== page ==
The last time I managed to stir myself into fulfilling my promise to write about Bernard Williams, almost a week ago, I expressed sympathy with Williams' criticism of the foundationalist and universalist character and the consequent minimalism or thinness of much of contemporary Anglo-American political theory. Here, I want to draw a number of threads of that criticism back together, as it were, to attempt to demonstrate, in a broader sense than I tried to do with the perhaps rather narrow case of Luck Egalitarianism, its relevance to contemporary political concerns.
The place to start this endeavour is with Williams' somewhat complex relationship with moral relativism. Williams had a view he referred to as the relativism of distance, which aimed to pick out the conditions in which something like relativism was an appropriate stance to adopt. That 'something like' is important: Williams held that 'standard relativism' - "the position that if party A favours Y and party B favours Z, Y is right for A and Z is right for B" - was obviously seriously confused. It is
always either too early or too late. We are too early if there is no exchange between the two parties, too late if there is.
The depth of the commitment to the 'here and right now' is clear in this view. Relativism is facile because it attempts to dissolve conflicts by pretending they aren't there, by pretending that once the question has become a serious and immediate concern, it can be simply wished away. This makes sense neither in the absence nor in the presence of conflict: it addresses itself to a question quite different from the one that actually matters, which is what to do about whatever disagreement happens to be going on.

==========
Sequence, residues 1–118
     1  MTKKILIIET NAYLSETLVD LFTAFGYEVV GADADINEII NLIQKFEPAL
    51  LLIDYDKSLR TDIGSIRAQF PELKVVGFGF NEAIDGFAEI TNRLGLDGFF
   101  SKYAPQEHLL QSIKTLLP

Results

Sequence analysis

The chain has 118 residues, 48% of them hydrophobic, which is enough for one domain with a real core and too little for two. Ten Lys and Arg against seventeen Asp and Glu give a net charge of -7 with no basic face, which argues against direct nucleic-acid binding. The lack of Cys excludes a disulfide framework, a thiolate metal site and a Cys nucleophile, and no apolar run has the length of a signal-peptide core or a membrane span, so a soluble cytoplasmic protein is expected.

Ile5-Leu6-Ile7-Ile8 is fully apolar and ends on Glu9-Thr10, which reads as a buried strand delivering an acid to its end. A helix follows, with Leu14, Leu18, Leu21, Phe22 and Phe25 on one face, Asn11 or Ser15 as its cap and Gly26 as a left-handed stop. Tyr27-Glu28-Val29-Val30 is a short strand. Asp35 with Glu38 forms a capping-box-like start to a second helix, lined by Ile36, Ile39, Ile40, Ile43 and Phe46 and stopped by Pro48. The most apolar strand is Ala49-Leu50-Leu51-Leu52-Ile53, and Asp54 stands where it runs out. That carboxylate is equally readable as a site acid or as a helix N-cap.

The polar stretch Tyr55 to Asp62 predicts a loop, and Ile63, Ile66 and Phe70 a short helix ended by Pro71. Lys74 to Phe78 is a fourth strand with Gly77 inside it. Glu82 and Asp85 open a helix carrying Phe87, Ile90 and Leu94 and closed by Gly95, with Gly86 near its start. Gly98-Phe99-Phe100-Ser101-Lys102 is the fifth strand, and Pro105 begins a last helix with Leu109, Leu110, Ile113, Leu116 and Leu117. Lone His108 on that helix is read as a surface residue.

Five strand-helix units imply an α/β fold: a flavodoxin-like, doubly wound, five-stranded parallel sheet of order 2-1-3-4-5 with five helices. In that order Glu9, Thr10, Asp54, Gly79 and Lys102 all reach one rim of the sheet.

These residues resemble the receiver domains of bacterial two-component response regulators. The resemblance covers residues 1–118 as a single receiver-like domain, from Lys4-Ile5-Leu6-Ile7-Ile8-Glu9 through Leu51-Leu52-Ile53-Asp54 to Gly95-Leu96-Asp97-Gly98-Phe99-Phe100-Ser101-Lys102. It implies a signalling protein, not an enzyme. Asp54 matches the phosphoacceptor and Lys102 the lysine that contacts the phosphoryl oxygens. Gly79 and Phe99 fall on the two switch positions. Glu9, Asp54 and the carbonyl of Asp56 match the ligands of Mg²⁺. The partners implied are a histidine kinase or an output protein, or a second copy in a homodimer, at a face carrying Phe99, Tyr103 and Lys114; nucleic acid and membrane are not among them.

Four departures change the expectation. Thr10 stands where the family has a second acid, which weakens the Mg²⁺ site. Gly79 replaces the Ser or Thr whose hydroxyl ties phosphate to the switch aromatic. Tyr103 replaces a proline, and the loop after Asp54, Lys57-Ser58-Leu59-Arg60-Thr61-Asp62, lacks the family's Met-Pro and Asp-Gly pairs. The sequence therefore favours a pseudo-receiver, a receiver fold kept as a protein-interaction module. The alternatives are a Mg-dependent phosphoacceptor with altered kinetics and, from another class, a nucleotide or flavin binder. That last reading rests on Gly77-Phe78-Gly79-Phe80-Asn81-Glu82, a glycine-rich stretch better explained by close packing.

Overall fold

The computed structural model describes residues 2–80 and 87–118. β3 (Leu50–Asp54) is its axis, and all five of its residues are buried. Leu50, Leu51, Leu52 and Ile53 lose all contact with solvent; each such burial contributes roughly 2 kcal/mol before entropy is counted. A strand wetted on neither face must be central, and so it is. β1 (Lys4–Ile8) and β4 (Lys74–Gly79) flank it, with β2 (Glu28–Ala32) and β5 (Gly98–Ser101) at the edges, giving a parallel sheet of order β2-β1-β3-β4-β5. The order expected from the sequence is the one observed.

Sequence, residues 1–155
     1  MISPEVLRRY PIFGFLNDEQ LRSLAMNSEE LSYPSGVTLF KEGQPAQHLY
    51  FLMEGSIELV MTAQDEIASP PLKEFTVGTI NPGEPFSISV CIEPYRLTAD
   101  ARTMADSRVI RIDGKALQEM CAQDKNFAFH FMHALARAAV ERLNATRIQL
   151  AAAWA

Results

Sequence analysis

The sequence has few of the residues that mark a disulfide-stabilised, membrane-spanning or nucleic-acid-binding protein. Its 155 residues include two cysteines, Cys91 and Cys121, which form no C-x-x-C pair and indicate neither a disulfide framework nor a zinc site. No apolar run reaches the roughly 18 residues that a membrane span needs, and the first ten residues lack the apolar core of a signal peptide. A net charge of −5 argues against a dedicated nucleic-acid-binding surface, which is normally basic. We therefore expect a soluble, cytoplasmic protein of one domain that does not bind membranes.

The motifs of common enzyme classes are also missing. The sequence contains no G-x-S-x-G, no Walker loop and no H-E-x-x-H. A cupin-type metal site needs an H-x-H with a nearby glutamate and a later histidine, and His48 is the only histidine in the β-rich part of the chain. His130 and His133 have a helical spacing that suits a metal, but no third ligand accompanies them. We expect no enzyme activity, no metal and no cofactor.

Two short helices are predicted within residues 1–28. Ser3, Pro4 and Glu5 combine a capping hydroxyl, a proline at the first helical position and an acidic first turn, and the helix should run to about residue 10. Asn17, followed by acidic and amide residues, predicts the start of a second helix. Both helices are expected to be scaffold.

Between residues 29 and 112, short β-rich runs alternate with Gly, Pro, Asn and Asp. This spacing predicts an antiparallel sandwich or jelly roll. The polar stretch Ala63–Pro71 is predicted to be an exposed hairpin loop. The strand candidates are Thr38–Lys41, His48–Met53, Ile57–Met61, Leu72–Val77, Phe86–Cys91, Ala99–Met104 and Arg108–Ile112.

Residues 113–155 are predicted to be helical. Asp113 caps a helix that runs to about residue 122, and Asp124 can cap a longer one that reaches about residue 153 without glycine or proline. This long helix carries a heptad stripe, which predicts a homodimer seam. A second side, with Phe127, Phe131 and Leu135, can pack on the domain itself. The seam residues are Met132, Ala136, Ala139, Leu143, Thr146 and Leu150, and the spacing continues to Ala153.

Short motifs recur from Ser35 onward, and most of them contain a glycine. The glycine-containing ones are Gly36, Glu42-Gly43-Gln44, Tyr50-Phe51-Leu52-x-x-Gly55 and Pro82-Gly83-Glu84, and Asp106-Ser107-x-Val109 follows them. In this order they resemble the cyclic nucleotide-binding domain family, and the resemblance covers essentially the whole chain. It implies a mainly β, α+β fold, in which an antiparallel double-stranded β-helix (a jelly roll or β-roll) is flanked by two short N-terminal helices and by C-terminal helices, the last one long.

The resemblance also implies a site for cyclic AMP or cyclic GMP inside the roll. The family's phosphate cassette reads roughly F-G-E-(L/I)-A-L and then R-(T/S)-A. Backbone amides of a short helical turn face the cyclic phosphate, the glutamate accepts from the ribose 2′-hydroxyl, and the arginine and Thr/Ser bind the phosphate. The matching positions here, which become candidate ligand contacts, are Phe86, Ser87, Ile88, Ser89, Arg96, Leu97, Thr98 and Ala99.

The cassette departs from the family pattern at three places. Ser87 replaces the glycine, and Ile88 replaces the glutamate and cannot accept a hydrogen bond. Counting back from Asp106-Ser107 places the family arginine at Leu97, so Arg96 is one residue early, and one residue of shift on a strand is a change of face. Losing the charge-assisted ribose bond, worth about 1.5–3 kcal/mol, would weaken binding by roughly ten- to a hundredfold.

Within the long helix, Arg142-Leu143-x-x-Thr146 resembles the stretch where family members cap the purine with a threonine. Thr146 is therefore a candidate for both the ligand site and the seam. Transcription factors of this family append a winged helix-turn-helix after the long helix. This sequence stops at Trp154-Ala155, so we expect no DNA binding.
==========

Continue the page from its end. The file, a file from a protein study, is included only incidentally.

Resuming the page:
It is in fact remarkably similar to the crude libertarian view which simply asks to be left alone and inveighs against positive rights, forgetting that any right which is enforced is, by virtue of requiring action by others in the course of that enforcement, a positive right. The problem in both cases is that the point of politics is that someone thinks they are not being left alone, that the fact the A wants to do Y and B wants to do Z has created some problem or other, some dispute, and that problem requires a solution, which, even if it simply allows people to get on with whatever they are doing, still stands as a solution, does not try to define the problem out of existence.
Williams' anti-utopian attention to the relevant details of the situation is, so far as I can see, consistent: it motivates his thinking about the difference between his Basic Legitimation Demand, and consideration of the moral conditions of co-existence under power just as it motivates this pleasingly simple take-down of relativism. The obverse of it, of course, is that whilst hand-waving in the face of the fact of disagreement may be too late, supposedly serious concern about conflicts which, temporally or spatially, cannot exist is for Williams ridiculously early. Thus the title of this post:
Political moralism, particularly in its Kantian forms, has a universalistic tendency which encourages it to inform past societies about their failings. It is not that these judgments are, exactly, meaningless - one can imagine oneself Kant at the court of King Arthur if one wants to - but they are useless and do not help one to understand anything.